Melissa Holbrook Pierson is the author of three works of nonfiction: The Perfect Vehicle, Dark Horses and Black Beauties, andThe Place You Love Is Gone, all from Norton. She is writing a book on B. F. Skinner and the ethics of dog training.

Reviewer: Melissa Holbrook Pierson

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Product Details

  • ISBN-13: 9780374219079
  • Publisher: Farrar, Straus and Giroux
  • Publication date: 2/12/2013
  • Pages: 224
  • Sales rank: 733,593
  • Product dimensions: 5.84 (w) x 8.34 (h) x 0.80 (d)

Meet the Author

James Lasdun was born in London and now lives in upstate New York. He has published two novels, including It's Beginning to Hurt, as well as several collections of short stories and poetry. He has been longlisted for the Man Booker Prize and shortlisted for the Los Angeles Times, T. S. Eliot, and Forward prizes in poetry, and he was the winner of the inaugural BBC National Short Story Award. His nonfiction has been published in Harper’s Magazine, Granta, and the London Review of Books.

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Customer Reviews

Average Rating 3
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Sort by: Showing all of 5 Customer Reviews
  • Anonymous

    Posted February 16, 2013

    Anonymous

    This is the worst book I have ever read. I can't believe I got suckered in for $13. What was this writer thinking. The ending was even worse. It seems that the stalking was only secondary to the story. He goes off on other stories that make no sense. I also think he brought this Nasreen character on himself. I think he was flattered by her attention. When a professor starts E-mailing text that has nothing to do with the class to a female student it usually spells trouble, only he was too dumb to realize it. I have no sympathy for him. Save your money for a better written book. Wish I had.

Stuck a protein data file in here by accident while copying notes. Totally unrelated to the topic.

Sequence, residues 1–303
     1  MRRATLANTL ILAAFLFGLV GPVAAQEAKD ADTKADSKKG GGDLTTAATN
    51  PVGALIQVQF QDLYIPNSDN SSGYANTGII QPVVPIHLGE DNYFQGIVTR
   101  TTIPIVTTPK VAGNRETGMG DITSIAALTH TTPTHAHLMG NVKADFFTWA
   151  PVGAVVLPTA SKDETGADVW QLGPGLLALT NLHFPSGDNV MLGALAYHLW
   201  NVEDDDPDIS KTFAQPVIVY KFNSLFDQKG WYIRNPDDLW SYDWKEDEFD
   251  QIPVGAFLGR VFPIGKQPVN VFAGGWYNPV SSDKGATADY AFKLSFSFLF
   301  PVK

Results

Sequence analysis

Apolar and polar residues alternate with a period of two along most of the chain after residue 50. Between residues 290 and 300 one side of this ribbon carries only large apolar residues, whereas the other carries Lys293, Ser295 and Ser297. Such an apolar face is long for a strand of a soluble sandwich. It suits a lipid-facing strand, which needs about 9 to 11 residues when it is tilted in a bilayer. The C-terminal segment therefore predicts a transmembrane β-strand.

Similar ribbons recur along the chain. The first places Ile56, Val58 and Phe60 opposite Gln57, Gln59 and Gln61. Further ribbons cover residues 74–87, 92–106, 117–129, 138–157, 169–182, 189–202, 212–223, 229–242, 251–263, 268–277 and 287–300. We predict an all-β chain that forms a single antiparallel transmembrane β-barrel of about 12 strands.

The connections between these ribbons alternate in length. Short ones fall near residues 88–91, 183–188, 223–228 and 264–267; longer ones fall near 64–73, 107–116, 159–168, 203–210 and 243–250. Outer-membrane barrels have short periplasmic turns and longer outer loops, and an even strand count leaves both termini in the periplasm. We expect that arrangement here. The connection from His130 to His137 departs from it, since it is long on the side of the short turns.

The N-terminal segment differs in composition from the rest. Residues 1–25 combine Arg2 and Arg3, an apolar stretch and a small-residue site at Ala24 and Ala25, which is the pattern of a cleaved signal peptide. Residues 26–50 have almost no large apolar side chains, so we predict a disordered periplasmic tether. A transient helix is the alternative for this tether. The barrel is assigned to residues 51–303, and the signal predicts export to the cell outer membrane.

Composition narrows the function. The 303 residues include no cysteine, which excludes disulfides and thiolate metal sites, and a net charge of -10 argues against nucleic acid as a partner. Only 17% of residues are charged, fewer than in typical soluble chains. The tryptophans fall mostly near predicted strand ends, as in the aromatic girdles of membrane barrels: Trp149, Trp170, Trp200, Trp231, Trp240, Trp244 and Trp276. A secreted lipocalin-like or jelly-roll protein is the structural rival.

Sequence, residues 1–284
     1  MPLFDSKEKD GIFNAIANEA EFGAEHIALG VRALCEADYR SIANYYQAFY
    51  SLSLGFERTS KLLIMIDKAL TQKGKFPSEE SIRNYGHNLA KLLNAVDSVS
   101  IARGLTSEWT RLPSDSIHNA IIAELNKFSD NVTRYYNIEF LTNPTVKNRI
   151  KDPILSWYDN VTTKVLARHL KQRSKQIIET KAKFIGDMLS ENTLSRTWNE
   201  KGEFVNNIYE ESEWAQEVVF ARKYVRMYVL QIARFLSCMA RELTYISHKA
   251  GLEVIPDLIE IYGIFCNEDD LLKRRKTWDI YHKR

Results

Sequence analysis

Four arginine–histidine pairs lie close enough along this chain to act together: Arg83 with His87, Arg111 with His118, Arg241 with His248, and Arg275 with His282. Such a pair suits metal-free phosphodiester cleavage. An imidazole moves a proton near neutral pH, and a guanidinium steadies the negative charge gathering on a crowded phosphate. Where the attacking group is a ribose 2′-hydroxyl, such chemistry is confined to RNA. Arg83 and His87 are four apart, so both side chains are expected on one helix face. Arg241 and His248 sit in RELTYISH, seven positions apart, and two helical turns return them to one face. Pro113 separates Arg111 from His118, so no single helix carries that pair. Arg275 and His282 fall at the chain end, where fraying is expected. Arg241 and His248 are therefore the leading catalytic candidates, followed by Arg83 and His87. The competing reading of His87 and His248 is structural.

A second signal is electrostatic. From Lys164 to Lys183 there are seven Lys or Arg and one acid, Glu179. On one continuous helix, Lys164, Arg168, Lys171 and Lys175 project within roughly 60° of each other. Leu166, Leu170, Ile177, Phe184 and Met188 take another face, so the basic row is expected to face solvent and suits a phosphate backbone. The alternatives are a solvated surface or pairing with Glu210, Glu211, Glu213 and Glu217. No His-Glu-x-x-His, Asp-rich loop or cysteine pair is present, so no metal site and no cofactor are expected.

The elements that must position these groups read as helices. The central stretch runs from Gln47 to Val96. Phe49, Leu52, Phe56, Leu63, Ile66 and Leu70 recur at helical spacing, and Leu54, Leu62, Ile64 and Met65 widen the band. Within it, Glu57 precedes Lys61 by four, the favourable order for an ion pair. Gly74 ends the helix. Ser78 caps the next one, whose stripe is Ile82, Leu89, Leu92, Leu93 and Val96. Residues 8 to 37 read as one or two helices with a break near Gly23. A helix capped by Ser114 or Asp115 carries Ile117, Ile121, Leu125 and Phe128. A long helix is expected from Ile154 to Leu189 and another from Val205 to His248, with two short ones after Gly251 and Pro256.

4 out of 7 people found this review helpful.

    Was this review helpful? Yes  No   Report this review
  • Anonymous

    Posted February 27, 2013

    pretty sure the one star "anonymous" review here on th

    pretty sure the one star "anonymous" review here on this site is none other than lasdun's stalker.  two of my best friends have been tortured
    by a psychotic cyber-stalker. it has been a nightmare and they haven't been able to do a thing about it. hope this book sheds
    some light on this troubling problem....

    2 out of 2 people found this review helpful.

    Was this review helpful? Yes  No   Report this review
  • Anonymous

    Posted February 28, 2013

    Brilliant

    A quick and provacative read. Chilling to say the least. I reccomend Ludsen's memoir to true crime and biography followers.

    1 out of 1 people found this review helpful.

    Was this review helpful? Yes  No   Report this review
  • Anonymous

    Posted February 20, 2013

    No text was provided for this review.

  • Anonymous

    Posted May 15, 2013

    No text was provided for this review.